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Doctor Copeland has been visiting Mr. Singer regularly. He thinks of Mr. Singer as an exception, nothing like the other white men heís encountered. He thinks Singer must be a Jew, a member of another persecuted group. He even takes Mr. Singer with him on his rounds. An outbreak of influenza keeps Doctor Copeland very busy. He tries to maintain his health but he becomes exhausted.
One night he cannot go on his rounds because he is so tired. He goes home and tries to rest, but finds himself feverish. Portia comes to the door in a terrible state. She reports that Highboy and Willie went to a house of prostitution and Willie got into a fight over a woman named Love Jones. Portia canít imagine why Willie would be so concerned over Love Jones because Portia thinks she is ugly because she is so dark-skinned. Willie is now in jail and is to be sent to a hard labor camp. Portia has been going around trying to get white people to write letters for Willie to keep him out of the camp. Doctor Copeland doesnít like this plan. They go to the jail together and receive very rude treatment from the white guards. They find out Willie has been sentenced to nine months hard labor.
Doctor Copeland still feels the strong purpose of his life, that of making African Americans a strong community, but he has tuberculosis and he works so hard he cannot rest. When he visits patients, he always exhorts them with his ideas. He tells Mr. Singer that his people are very strong for having survived the passage on the slave ships and the enslavement. One night, Portia comes over to borrow some of his dishes. Grandpa and the rest of the family are coming to town to help her while she is suffering over the worry about Willie in jail. She also asks her father to come and see them since he hasnít seen his other children in so many years. That night after she leaves, he thinks back over his life. His mother had been born a slave. His father was a preacher. His parents had worked very hard after slavery and had saved up eighty dollars to send him north to school. He worked in a blacksmithís shop while he was in school. After ten years, he was a doctor and he came back South with his mission to help his people to true freedom. He got married and started his practice and tried to make of his children the instruments of his ideas. Often he would get into a terrible rage and during these times he committed violence against his wife, Daisy, and his children. Daisy took the children and went to live with her father. He was left alone in an empty house.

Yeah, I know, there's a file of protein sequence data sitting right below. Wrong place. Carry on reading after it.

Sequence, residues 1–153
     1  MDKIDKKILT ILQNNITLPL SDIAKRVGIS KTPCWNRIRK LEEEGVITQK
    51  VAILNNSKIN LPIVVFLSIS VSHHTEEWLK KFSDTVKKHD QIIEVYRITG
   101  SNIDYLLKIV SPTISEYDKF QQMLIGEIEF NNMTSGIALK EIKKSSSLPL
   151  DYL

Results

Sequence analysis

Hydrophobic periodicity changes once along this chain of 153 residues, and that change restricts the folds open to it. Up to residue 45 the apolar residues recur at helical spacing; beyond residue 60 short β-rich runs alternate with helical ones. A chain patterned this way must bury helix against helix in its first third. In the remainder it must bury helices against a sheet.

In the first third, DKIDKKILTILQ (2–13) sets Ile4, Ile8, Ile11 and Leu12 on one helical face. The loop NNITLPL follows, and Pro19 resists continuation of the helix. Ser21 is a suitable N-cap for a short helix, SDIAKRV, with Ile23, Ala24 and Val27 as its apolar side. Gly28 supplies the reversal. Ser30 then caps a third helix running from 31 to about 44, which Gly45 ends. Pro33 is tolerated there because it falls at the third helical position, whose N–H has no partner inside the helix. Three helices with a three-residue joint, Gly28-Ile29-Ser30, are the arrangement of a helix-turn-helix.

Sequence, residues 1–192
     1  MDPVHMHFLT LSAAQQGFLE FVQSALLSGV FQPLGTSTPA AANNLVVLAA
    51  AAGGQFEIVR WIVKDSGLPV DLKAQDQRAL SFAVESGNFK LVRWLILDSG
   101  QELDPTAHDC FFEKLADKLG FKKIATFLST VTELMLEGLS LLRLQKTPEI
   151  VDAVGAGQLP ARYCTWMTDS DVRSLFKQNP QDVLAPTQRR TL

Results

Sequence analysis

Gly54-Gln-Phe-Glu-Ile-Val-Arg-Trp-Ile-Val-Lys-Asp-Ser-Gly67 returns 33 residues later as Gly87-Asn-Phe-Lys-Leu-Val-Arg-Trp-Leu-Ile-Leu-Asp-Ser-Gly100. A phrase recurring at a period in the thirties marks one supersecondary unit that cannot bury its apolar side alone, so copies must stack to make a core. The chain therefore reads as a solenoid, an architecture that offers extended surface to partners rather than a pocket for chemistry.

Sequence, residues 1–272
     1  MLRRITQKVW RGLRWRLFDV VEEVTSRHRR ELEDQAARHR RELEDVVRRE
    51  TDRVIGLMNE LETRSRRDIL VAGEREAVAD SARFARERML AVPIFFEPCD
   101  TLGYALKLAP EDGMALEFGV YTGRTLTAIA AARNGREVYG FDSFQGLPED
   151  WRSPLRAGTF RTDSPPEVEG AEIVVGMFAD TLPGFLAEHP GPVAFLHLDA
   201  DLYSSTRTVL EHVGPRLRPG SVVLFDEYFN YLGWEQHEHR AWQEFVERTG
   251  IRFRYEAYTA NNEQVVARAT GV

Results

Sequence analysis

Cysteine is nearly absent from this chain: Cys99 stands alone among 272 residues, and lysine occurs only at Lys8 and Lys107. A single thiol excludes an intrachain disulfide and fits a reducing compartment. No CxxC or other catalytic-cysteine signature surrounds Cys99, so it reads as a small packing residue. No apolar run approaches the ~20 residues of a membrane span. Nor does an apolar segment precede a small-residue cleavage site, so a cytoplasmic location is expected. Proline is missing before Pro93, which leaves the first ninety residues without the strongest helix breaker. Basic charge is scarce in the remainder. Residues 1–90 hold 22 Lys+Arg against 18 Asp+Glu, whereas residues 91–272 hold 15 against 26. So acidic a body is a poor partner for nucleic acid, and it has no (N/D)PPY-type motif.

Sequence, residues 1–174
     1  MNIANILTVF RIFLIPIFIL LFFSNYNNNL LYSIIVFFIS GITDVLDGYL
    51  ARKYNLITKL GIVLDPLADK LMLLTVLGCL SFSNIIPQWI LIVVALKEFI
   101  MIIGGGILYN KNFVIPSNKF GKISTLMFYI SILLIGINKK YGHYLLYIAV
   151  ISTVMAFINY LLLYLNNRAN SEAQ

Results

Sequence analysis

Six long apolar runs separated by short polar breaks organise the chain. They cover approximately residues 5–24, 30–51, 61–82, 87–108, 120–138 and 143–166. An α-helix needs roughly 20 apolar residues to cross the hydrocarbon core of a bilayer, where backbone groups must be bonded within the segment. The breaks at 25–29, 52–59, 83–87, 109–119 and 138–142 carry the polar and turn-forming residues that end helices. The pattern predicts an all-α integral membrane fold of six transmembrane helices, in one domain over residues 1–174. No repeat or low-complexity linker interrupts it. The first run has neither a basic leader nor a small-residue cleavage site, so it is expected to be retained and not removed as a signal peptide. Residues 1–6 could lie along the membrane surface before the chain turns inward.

That night at home, he canít sleep. He makes six house calls and then goes to see Mr. Singer. There he feels at peace, but as soon as he leaves, he loses his sense of peace. As he is walking down the stairs, he runs into a short, squat man who curses and says he didnít see him and apologizes. He thinks this man looks insane.